One of the sharpest candidates running for the House this year is Dr. Fred Johnson in western Michigan, for a seat being abandoned by the ever-ambitious twitterer Pete Hoekstra. In April Fred did a great guest post at DWT on education and societal priorities— well worth reading. Today, Blue America’s latest endorsed candidate, he’s joining us for a live blogging session below in the comments section.
Before we get into the reasons we’ve endorsed Fred for the seat, I want to mention that he gave us an autographed copy of a book he wrote with Tayannah Lee McQuillar, Tupac Shakur: The Life And Times Of An American Icon which we will be giving away to a randomly selected donor today. To qualify for the drawing, please give any amount– there is no minimum– at the Blue America PAC page. You might be interested in knowing that all the money donated through this page this weekend will be put towards campaign advertising on Michigan blogs.
A former marine and a genuine progressive, Fred is well positioned to take advantage of the rapidly changing demographics and political identifications in the district. 2008 saw a huge jump in the Democratic vote throughout the district. This was delivered primarily through the top-notch voter registration and GOTV efforts of the Campaign for Change. The district now has a whopping 45,000 first time voters, who can deliver this seat to Fred in November. Despite the fact that conventional wisdom calls this a safe Republican district, it is very much worth noting that Senator Levin won here with 53% of the vote, and President Obama fell just short, at 48.5%. This district is turning purple rapidly, and 2010 can complete the process.
To give you a sense of Fred’s priorities, here’s a statement he gave me soon after I first met him this spring:
There are two interrelated issues that command the attention of any freshman progressive Representative: financial reform and campaign finance reform. The hard fact is that the two are so intertwined as to be inseparable.
The mavens of Wall Street have proven both their incompetence, and their venality. Only the strongest possible financial reform package will stop another catastrophe from hitting our economy. As a historian, I strongly reject the revisionism currently in vogue on the right, and feel that the reimposition of Glass-Steagall, and a whole host of strong reform measures is now demanded of Congress by the American people. This is one area where I diverge from the President. I believe we need stronger financial reform. Too big to fail is just plain too big.
But, how do we get there when the lobbyists and PACs of Wall Street have so much influence? My number one priority upon taking office will be the Fair Elections Now Act. This bill is a great first step in leveling the playing field at election time. But we need to do more. I strongly support the package of legislation being drafted by Rep. Frank and his colleagues in the Banking Committee. We need to take every avenue available to us to undo the destruction of the last vestiges of fairness in our campaign system wrought by the Citizens United decision.
Whether it be through statutory restrictions on the political activities of corporations or, at minimum, much greater influence on the part of shareholders, we must strongly address campaign finance in order to have any chance at real reforms in other areas.
There are virtually no problems our country faces that can be solved without first solving the way the ruling elites can buy and sell our politicians and manipulate our system for their own benefit. One that Fred would very much like to address — as would the people living along Lake Michigan’s eastern shore has to do with protecting the environment, something very much treasured for its natural beauty and recreational opportunities by most of the people living there. I say “most” because, believe it or not, there are Big Oil corporate types and the Republicans who they finance and who serve their interests who actually want to drill for oil in the Great Lakes! I’m not kidding. Just last week Pat Toomey, an ex-congressman running for the Pennsylvania Senate seat was yelling about drilling in the Great Lakes again, despite the fact that they contain some 20% of all the world’s surface fresh water and that even a smaller spill than the BP Gulf disaster could contaminate every drop of drinking water for 40 million people and destroy hundreds of thousands of jobs. What is wrong with these people?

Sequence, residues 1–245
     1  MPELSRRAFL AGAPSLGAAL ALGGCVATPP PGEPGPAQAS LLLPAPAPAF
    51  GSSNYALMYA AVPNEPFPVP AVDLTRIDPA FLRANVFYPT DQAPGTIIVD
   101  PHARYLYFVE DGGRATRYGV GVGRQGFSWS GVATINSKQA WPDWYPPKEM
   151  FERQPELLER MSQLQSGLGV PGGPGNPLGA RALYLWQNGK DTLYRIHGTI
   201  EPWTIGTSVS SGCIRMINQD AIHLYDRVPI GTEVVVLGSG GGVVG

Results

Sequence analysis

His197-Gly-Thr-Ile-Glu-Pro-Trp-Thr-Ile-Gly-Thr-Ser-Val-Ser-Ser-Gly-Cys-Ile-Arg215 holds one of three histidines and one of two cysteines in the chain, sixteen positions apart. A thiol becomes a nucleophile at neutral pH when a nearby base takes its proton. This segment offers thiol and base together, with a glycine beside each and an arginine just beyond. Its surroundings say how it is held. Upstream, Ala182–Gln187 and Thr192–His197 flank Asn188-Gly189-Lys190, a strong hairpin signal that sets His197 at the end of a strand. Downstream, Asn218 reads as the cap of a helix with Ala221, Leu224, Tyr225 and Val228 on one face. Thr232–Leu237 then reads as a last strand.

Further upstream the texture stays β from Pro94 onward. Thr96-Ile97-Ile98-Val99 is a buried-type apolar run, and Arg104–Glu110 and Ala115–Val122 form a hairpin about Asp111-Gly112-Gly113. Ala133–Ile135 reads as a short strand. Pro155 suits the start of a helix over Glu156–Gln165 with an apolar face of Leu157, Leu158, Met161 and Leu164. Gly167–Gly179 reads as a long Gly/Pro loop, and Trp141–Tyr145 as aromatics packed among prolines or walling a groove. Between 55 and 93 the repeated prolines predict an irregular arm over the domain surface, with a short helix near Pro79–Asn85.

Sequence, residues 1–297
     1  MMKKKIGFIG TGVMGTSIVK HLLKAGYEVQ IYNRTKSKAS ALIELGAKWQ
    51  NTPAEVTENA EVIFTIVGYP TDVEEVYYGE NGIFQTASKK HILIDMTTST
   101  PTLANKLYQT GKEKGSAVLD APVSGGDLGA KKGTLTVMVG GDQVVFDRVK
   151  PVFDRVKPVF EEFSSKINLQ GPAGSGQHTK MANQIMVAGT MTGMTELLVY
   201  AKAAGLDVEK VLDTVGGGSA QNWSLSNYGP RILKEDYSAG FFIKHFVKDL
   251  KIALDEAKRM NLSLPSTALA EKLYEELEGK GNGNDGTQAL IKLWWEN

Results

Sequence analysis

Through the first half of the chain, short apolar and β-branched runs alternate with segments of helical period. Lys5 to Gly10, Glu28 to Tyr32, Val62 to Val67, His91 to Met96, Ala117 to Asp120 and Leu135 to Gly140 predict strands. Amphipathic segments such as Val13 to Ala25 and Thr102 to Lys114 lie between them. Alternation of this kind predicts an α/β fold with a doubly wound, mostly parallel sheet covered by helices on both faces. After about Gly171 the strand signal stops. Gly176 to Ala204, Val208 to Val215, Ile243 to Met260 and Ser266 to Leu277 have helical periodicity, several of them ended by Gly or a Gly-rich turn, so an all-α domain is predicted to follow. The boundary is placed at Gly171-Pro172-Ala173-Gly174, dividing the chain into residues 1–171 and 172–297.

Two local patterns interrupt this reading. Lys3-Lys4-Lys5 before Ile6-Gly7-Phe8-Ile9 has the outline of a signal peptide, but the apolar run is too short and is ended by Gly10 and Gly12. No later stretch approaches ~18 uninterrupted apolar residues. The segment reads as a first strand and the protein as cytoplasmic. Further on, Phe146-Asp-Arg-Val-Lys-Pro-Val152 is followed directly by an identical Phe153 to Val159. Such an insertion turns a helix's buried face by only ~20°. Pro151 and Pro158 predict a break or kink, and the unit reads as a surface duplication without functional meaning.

“The level of debate regarding energy policy,” Fred told me a few days ago, “just amazes me. Here you have a disaster of unprecedented scope, and yet there is very little of what I would call ‘jumping up and down’ in Washington. I mean, good grief, if this doesn’t wake people up on energy policy, what will it take? What we’ve actually seen is a calcification of the partisan positions that are out there– which I don’t mind on our side because I know we’re on the right track. But there hasn’t been one single Republican who has moved in the direction of strong changes to our energy policy — not one!
I also wonder what the endpoint is of this process. When you have elected officials responding to this disaster by proposing greater deregulation of the oil and gas industry, where does that lead us? Do we end up with oil drilling in the Great Lakes? That’s the kind of thing that gets voters in my district just going crazy.
But we have to see this as all interconnected. If you don’t want drilling in the Great Lakes, then you have to send folks to Washington who get the picture on energy policy. And I’m doing my best to lead on this locally– I talk about it with voters all the time. That’s why I’ve been very supportive of wind power here– against some of the usual NIMBYism. We just gotta do this stuff.